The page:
The intricate plot effortlessly weaves around the destabilized champion and his love, while introducing new character Shado: exploring and echoing themes of vengeance and family in a subtle blending of three stories that are in fact one, and still delivers a shocking punch even now, through its disturbingly explicit examination of torture. These issues won the miniseries much undeserved negative press when first published. Although possibly tame to modern eyes this was eye-opening stuff at the time, which is a shame, since it diverted attention from the real achievement. That was narrative quality and sophistication, as this tale is arguably the first truly mature superhero yarn in the DCU.

Grell here produced a gripping, mystery adventure that pushes all the right buttons, conveyed by artwork – in collaboration with Lurene Haynes & Julia Lacquement – that was and remains a revelation. Beautifully demure yet edgily sharp when required, these painterly visuals and watercolour tones perfectly complement a terse, sparse script, and compelling ride any thriller writer would be proud of, and – controversy notwithstanding – this comicbook retooling quickly spawned a monthly series that evolved into one of the best reads of the 1990s.

It all starts here, and so should you.
© 1987, 2012 DC Comics. All Rights Reserved.

John Constantine, Hellblazer volume 3: The Fear Machine (New Edition)


By Jamie Delano, Richard Piers Rayner, Mike Hoffman, Mark Buckingham, Alfredo Alcala & various (Vertigo/DC Comics)
ISBN: 978-1-4012-3519-2 (TPB)

You’ve either heard of John Constantine by now or you haven’t, so I’ll be as brief as I can. Created by Alan Moore during the early days of his groundbreaking run on Swamp Thing, John Constantine is a mercurial modern wizard, a dissolute chancer who plays like an addict with magic on his own terms for his own ends. He is not a hero. He is not a nice person. Sometimes though, he’s all there is between us and the void…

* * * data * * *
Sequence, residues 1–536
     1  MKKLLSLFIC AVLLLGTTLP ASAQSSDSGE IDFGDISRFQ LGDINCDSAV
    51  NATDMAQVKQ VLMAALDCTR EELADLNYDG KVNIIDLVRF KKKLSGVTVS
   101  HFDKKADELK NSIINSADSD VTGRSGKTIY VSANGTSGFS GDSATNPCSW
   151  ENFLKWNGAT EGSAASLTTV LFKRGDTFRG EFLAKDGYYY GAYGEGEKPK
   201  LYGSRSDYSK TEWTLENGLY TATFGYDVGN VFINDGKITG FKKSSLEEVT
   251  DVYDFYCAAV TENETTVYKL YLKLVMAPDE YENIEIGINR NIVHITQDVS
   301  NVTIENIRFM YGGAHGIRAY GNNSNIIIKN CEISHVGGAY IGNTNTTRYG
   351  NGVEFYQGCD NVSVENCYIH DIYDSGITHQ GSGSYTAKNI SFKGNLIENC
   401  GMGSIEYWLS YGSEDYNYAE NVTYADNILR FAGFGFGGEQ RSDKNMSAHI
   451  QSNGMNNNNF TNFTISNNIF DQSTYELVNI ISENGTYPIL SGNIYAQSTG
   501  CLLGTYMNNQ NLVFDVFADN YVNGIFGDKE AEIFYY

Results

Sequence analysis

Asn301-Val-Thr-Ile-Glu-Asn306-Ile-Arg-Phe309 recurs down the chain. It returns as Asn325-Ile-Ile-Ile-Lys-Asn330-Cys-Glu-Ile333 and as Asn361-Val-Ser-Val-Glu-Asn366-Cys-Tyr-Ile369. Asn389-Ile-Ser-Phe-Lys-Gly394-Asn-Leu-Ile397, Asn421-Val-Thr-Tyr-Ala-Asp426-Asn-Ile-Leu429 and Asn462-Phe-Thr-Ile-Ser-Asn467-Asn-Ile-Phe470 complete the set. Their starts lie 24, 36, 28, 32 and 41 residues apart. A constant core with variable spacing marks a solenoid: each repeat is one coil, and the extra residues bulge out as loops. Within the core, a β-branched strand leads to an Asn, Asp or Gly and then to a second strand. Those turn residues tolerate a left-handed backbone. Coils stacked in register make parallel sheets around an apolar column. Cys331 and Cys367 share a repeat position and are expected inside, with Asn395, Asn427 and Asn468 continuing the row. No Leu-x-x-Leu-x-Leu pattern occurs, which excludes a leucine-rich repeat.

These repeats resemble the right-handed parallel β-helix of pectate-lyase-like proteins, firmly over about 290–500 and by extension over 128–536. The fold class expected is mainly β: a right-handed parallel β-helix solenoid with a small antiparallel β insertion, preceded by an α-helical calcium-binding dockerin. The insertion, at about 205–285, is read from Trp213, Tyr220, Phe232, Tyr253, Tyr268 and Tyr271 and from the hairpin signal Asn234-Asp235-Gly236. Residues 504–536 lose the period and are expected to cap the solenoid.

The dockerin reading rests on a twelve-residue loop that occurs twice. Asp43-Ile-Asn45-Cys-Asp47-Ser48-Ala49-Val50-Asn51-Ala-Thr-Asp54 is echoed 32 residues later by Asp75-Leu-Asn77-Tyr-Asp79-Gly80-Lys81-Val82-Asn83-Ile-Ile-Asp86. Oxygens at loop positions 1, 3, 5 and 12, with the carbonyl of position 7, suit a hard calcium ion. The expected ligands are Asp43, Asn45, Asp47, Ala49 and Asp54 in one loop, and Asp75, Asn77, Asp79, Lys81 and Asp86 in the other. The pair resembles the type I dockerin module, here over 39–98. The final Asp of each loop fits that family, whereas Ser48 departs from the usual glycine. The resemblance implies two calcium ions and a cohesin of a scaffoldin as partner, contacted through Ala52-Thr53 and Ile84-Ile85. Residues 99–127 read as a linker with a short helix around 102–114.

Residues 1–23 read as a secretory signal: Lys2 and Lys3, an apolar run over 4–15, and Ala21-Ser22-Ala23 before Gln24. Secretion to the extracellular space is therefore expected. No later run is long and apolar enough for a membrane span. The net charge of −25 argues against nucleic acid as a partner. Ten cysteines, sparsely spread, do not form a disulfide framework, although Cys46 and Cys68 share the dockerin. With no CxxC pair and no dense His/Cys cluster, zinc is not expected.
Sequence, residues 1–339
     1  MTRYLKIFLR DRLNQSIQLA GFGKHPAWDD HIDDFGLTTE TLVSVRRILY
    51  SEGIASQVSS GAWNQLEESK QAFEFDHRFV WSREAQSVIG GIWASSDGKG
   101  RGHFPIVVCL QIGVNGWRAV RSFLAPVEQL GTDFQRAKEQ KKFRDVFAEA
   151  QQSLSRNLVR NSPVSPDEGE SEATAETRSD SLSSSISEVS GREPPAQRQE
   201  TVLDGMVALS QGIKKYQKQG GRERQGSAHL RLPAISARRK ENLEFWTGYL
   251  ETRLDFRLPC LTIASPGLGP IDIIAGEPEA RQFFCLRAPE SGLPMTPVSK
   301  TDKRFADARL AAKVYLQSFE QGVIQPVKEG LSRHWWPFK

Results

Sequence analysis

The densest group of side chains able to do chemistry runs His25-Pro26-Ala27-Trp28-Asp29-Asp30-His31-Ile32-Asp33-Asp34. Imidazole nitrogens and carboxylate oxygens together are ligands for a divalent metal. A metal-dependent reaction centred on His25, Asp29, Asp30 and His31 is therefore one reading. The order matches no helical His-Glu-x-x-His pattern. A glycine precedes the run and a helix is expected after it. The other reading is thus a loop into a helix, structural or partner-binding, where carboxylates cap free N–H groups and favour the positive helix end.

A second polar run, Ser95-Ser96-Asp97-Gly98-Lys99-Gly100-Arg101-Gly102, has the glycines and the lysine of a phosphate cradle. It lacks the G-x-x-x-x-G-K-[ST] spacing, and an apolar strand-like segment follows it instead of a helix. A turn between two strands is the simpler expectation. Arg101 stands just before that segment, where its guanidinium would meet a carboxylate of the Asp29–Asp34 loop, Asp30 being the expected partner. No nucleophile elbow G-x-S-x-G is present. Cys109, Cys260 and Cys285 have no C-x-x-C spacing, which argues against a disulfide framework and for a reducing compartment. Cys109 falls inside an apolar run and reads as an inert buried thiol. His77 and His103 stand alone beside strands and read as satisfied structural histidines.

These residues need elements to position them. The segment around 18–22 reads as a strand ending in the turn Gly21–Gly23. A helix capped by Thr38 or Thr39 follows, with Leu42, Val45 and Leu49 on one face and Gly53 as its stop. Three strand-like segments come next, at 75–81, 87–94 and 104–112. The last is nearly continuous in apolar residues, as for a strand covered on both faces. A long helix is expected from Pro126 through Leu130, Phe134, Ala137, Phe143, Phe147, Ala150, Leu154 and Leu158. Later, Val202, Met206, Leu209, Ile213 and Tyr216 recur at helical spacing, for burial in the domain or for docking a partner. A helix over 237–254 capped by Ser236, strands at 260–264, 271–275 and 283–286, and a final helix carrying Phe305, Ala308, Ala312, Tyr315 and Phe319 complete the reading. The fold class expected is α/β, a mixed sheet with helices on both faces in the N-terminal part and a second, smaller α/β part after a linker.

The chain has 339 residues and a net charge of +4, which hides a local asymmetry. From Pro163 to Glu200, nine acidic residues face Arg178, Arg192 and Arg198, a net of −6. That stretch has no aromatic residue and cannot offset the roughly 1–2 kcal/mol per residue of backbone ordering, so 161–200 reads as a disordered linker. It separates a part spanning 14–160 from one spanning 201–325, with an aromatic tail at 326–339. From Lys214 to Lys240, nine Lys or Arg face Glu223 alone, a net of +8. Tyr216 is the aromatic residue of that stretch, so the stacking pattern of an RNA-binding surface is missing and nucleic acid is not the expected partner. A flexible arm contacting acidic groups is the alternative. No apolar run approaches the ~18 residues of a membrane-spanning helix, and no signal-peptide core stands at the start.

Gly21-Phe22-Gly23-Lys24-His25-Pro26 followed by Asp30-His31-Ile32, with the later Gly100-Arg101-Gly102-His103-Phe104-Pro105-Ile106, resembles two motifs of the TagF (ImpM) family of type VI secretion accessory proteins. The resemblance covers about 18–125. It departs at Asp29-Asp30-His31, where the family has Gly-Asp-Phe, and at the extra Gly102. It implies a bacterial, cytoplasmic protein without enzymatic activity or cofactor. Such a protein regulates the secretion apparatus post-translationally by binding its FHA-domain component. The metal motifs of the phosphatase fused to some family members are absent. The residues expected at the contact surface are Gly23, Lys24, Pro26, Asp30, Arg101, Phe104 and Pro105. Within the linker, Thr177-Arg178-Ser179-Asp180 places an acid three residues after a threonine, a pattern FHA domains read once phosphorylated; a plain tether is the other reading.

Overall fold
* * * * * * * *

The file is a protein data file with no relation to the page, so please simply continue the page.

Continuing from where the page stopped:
Given his own series by popular demand, he premiered in the dying days of Reaganite Atrocity in the US but at the height of Thatcherite Barbarism in England, so as we’re singing the same song now – but with second-rate Britain’s Got Talent cover-artist wannabes as leaders – I thought I’d cover a few old gems that might be regaining relevance in the days ahead…

In 1987 Creative Arts and Liberal attitudes were dirty words in many quarters and the readership of Vertigo was pretty easy to profile. Jamie Delano began the series with relatively safe horror plots, introducing us to Constantine’s unpleasant nature, chequered history and odd acquaintances but even then, discriminating fans were aware of a joyously anti-establishment political line and wildly metaphorical underpinnings.

Skinheads, racism, Darwinian politics, gender fluidity, plague, famine, gruesome supernature and more abound in the dark dystopian present of John Constantine – a world of cutting edge mysticism, Cyber-shamanism and political soul-stealing. In Delano’s world the edges between science and magic aren’t blurred – they simply don’t exist.